But by the time CHDP publicly announced The Intersections, it had begun meeting with the City of Omaha to designate the project site as blighted.

Nebraska law defines a “blighted area” as an area that:

  1. Substantially impairs or arrests the sound growth of the community, retards the provision of housing accommodations, or constitutes an economic or social liability and is detrimental to the public health, safety, morals, or welfare in its present condition and use and

  2. In which there is at least one of the following conditions:
    1. Unemployment in the designated area is at least 120% of the state or national average

    2. The average age of the residential or commercial units in the area is at least 40 years

    3. More than half of the plotted and subdivided property in an area is unimproved land that has been within the city for 40 years and has remained unimproved during that time

    4. The per capita income of the area is lower than the average per capita income of the city or village in which the area is designated; or the area has had either stable or decreasing population based on the last two decennial censuses

Intended as a designation of urban infrastructure, the word “blight” carries the connotation that urban decline is the fault of an area’s residents. According to the Vacant Property Research Network, the concept of blight has evolved from describing the spread of slums and disease to a racial legacy as the legal touchstone for many eminent domain actions that broke apart predominately African American communities throughout the U.S.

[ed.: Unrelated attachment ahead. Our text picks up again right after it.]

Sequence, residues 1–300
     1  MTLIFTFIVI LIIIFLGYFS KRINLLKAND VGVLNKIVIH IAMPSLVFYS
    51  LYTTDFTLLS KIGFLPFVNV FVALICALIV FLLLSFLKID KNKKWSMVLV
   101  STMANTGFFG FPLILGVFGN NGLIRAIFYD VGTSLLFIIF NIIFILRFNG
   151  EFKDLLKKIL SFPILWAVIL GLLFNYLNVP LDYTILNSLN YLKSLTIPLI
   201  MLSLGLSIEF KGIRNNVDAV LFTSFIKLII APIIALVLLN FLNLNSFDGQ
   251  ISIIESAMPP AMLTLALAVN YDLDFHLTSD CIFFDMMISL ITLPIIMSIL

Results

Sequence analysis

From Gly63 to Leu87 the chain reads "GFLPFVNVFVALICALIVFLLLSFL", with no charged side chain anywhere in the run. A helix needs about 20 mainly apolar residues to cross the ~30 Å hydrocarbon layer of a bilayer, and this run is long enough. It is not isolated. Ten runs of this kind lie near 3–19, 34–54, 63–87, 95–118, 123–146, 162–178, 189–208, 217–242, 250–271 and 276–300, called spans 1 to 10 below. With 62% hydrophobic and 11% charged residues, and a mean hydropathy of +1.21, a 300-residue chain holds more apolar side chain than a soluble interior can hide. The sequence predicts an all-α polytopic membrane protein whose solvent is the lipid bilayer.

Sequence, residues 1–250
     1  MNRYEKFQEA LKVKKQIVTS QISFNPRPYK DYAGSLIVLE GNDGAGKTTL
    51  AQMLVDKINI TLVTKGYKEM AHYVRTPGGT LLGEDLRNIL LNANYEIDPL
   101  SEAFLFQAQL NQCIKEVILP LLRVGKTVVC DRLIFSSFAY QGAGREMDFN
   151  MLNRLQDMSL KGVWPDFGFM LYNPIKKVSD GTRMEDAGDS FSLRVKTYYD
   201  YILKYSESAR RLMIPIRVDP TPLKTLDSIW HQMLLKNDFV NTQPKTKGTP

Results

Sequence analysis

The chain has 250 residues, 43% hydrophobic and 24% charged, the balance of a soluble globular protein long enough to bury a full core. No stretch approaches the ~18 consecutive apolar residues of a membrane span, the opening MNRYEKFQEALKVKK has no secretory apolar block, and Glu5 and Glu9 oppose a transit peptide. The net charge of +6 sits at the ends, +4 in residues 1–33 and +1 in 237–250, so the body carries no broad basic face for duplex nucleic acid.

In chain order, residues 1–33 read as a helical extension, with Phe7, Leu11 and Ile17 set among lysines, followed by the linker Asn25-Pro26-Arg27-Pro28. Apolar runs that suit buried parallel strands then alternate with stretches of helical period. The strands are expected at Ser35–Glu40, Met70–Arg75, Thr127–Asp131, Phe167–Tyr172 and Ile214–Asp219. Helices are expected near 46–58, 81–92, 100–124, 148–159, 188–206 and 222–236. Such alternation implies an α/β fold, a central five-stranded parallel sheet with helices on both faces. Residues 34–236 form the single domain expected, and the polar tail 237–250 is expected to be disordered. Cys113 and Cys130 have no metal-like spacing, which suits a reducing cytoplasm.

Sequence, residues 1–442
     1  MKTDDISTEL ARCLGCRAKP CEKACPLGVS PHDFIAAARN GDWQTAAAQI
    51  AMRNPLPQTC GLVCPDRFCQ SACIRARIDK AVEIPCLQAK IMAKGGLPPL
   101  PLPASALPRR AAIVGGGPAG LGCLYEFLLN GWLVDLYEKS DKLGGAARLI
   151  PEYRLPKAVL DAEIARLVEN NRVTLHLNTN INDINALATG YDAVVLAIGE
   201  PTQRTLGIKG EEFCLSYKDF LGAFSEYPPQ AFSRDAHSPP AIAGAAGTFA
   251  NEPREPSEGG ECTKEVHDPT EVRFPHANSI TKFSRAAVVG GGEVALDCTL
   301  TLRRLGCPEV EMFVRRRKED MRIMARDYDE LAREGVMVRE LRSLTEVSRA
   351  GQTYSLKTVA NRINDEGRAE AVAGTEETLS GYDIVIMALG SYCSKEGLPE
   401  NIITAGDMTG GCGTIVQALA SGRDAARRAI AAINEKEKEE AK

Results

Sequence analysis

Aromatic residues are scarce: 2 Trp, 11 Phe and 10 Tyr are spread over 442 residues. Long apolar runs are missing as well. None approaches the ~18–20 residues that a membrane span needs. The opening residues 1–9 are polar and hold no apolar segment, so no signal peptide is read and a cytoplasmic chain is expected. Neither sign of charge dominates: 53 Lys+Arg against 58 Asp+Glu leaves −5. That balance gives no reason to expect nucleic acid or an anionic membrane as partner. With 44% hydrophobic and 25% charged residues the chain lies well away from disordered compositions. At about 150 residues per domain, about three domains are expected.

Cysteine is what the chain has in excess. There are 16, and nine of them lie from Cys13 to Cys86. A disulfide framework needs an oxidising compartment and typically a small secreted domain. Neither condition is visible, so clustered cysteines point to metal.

Blighted areas in Omaha are eligible for tax-increment financing (TIF). TIF is a public funding mechanism allowing municipalities to help pay for improvements and enhancements associated with redevelopment projects in blighted and substandard areas, an attractive incentive for developers.

As plans progressed, Lutz said, the estimated $100 million price tag grew about threefold, with high construction expenses and site preparation costs related to land topography. Construction was supposed to begin in fall of 2022 for a 2024 completion, but the project was scrapped as of September 2022.

“It was an ambitious plan, and I think it would have been great for the community. Everything needs to fit together well, and that just didn’t work,” Lutz said.

Developers had yet to close on the land, so no work has been done in the area. However, developers spent more than $4 million to purchase about 20 homes near the site. The houses were set to be demolished to make way for The Intersections. Homeowners were allowed to take anything they wanted from their houses before vacating, so many remaining homes are stripped.

Lutz said CHDP is working on a plan to restore the houses before putting them back into the community, either for sale or rent. Existing homeownersare concerned about developers buying up the neighborhood and creating a community of all rental properties.

Lutz said several parties have expressed interest in working with CHDP on the housing issue: “We’re committed to leaving the neighborhood in at least as good of condition as we found it.”

This blog was written by Noelle Blood-Anderson, One Omaha’s communications manager.